Stock Market News Today: Markets on track to end higher amid post-CPI rebound (SP500)

Feb 15, 2024
Sign on Wall Street and American flag.

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U.S. stocks on Thursday had pushed higher, as Wall Street continues to largely rebound from the hotter-than-anticipated consumer inflation report earlier this week which put a dampener on its inexorable rally.

The Nasdaq Composite (COMP.IND), which had been under pressure through most of the day, had pushed slightly into positive territory, rising 0.25% to 15,898.25 points in afternoon trade.

The benchmark S&P 500 (SP500) was higher by 0.54% to 5,027.72 points, while the blue-chip Dow (DJI) added 0.76% to 38,718.14 points.

All 11 S&P sectors were in the green, with the exception of Technology.

Thursday’s economic calendar was a crowded one, and data was a mixed bag. Investors appeared to focus on two big positives, however. Firstly, retail sales fell 0.8% M/M to $700.3B in January, significantly higher than the expected 0.1% decrease and a turnaround from December 2023’s +0.4% rise. Shortly after, another report showed that U.S. industrial production ticked down 0.1% M/M in January.

In the wake of the hot consumer price index numbers earlier this week, the retail sales data in particular is likely welcomed by the Federal Reserve. After months of consumer spending surprising to the upside, the January reading shows that perhaps the consumer is ready to take a break. The fall in industrial production, meanwhile, hints at the slowdown in the economy that the Fed wants to see.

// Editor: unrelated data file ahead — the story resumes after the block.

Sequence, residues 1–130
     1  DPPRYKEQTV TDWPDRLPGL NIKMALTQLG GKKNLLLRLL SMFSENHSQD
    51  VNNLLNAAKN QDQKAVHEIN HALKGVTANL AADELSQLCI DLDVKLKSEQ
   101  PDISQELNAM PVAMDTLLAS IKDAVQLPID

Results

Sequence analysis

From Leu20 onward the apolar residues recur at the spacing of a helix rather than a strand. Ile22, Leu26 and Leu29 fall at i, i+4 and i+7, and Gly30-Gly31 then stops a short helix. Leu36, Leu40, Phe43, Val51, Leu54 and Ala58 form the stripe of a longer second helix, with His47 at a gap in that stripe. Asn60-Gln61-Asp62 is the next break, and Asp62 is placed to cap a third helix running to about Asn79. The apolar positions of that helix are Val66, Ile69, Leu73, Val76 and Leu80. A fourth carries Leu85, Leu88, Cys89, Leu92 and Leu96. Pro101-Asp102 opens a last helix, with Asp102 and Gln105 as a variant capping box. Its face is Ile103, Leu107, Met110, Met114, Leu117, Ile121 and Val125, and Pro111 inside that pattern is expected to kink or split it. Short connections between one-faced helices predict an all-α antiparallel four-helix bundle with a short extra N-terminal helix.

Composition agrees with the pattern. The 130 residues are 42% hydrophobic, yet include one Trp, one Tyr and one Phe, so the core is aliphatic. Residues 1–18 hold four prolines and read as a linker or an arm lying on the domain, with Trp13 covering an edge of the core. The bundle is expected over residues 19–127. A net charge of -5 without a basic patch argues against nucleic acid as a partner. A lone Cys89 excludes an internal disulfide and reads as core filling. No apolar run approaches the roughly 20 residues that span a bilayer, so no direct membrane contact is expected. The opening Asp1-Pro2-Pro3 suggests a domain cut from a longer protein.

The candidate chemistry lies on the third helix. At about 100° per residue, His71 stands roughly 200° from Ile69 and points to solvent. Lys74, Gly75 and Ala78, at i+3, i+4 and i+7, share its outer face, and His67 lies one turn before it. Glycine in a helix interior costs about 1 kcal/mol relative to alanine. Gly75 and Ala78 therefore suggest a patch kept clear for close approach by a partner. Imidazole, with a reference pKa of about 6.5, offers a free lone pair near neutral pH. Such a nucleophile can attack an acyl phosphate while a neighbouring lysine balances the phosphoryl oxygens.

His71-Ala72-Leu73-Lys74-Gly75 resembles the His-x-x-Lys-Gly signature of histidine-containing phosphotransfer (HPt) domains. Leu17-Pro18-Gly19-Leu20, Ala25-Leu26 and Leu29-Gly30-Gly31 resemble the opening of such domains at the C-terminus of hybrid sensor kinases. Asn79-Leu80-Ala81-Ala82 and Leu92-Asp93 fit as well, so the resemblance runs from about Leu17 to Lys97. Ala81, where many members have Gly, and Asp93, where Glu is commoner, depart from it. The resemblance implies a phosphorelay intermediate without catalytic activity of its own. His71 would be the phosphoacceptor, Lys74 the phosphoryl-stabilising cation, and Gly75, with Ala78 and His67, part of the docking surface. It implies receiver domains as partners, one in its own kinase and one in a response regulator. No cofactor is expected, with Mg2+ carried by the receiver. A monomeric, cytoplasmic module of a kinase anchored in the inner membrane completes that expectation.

“The (retail sales) data suggest the consumer lost momentum at the start of the year. On a year-ago basis, control group sales growth slipped to 2.4%, which is the slowest gain since April 2020, when the economy was in the depths of the pandemic,” Wells Fargo’s Tim Quinlan said.

“Consumer resilience is positive in the sense that it helps ward off economic contraction but could be problematic if it gets in the way of the downtrend in consumer inflation,” Quinlan added.

On the other hand, some other economic indicators continued to point to resilience in the labor market and the economy. The number of Americans filing for initial jobless claims in the past week fell more-than-anticipated to 212K, compared to a consensus of 219K. Additionally, the Philadelphia Fed’s gauge of manufacturing activity in February put in its first positive reading since August last year.

“Simplest way to think about today’s data is that it leaves things running in place. January’s data were on the softer side. Like January’s jobs data, weather conditions played a role. February’s survey measures (regional PMIs, NAHB) were on the sunnier side of the consensus,” Renaissance Macro said on X (formerly Twitter).

Treasury yields were largely to the downside, continuing their rebound from a sharp sell-off following the hot CPI data earlier in the week. The longer-end 30-year yield (US30Y) was down 3 basis points to 4.42%, while the 10-year yield (US10Y) was also down 3 basis points to 4.24%. The shorter-end more rate-sensitive 2-year yield (US2Y) was down 1 basis point to 4.57%.

See live data on how Treasury yields are doing across the curve at the Seeking Alpha bond page.

Turning to active movers, Deere (DE) was a top percentage loser on the S&P 500 (SP500), after the agricultural machinery giant issued disappointing profit guidance.

Paramount Global (PARA) (PARAA) was a top percentage loser as well, after Warren Buffett’s Berkshire Hathaway (BRK.A) (BRK.B) chopped its stake in the entertainment company.

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